So many students of Spanish get nervous about studying and using the subjunctive tense. Ira Riklis knows that the subjunctive is required in Spanish in at least dependent clauses when the verb in the main clause expresses feelings or emotion, such as regret, fear, pity, hope, surprise etc. In other words you could say “fuzzy”.
Yes, uncertainty is a big part of life so to express oneself one needs a tense where the listener will understand what the speaker is really communicating. The subjunctive tense helps one express doubt, disbelief, uncertainty or denial about what is real.
When certain verbs are used in a question, doubt or assurance on the part of the person who asks the question determines whether the subjunctive or the indicative tense is used. Yes, Ira Riklis knows that the subjunctive tense is highly subjective! When one is discussing generally accepted fact, one uses the indicative. When there is some mental reservation, one uses the subjunctive tense.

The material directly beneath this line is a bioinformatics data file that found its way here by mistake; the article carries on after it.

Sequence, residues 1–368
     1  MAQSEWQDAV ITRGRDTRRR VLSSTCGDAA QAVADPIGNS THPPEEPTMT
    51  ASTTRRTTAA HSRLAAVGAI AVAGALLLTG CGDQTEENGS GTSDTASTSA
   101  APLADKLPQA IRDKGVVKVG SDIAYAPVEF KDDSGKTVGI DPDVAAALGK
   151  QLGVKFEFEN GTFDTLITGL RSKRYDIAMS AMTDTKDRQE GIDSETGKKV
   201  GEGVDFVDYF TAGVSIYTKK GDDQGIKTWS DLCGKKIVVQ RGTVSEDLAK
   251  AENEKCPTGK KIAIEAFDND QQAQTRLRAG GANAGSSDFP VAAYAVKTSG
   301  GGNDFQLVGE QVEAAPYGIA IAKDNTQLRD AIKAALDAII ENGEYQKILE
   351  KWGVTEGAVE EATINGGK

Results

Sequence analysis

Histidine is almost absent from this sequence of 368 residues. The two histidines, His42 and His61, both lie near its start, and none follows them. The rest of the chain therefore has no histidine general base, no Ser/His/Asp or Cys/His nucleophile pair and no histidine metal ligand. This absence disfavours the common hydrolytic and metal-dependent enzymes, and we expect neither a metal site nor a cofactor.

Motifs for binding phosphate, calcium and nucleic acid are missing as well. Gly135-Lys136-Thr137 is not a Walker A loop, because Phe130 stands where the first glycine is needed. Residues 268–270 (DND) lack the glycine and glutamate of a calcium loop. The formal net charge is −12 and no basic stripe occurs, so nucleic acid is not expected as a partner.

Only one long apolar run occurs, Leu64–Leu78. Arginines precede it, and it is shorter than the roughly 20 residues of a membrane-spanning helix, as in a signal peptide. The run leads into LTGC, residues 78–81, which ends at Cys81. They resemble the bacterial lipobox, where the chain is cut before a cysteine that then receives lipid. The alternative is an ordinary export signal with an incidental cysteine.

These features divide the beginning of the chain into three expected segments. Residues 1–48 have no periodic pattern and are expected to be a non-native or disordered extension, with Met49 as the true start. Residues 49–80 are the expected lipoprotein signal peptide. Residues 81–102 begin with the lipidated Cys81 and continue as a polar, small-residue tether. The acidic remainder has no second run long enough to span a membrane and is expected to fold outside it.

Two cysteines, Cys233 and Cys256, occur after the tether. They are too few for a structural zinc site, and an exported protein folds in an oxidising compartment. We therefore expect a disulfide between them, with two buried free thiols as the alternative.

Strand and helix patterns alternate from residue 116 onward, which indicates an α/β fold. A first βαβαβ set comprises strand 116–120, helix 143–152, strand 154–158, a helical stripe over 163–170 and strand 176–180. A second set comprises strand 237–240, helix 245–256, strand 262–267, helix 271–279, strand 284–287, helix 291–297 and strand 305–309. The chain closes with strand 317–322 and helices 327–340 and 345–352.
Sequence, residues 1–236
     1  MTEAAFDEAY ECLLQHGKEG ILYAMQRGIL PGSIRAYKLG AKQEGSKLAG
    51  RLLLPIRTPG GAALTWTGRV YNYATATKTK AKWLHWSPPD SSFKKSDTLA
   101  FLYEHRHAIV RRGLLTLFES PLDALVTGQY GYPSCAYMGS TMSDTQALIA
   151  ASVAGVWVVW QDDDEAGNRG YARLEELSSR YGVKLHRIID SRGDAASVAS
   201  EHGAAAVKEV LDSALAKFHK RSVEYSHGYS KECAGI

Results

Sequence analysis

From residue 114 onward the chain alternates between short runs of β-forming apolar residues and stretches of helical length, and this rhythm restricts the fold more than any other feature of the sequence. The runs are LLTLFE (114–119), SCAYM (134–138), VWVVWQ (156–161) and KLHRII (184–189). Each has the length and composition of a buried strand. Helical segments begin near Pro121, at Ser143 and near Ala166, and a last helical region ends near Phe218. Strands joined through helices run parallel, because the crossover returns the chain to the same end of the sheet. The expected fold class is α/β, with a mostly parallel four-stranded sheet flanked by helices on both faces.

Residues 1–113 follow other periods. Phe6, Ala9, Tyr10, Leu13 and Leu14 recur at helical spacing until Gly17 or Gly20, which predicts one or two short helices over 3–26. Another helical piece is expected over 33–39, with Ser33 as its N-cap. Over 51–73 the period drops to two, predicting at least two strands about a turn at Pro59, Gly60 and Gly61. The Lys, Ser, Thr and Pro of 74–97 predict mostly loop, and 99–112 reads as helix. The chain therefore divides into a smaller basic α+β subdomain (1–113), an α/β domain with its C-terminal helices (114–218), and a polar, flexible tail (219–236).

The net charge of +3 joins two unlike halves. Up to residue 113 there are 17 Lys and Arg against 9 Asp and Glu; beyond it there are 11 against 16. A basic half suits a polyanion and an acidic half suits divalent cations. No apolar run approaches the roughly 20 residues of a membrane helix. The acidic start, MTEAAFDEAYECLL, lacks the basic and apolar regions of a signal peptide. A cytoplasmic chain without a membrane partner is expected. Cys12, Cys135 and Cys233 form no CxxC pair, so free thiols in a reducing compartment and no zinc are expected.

How then can the student of Spanish hope to learn and use the subjunctive tense? Probably the best way is to familiarize yourself with the various forms of the tense most often used by reviewing a verb book (or use Internet resources). Next try to pick out the subjunctive tense usage in reading books, magazines, and newspapers. Listening for possible use of the subjunctive tense by speakers and trying to slip in a few of these verb forms in your conversation practice will help in developing skill in this area. Lastly don’t worry about the subjunctive!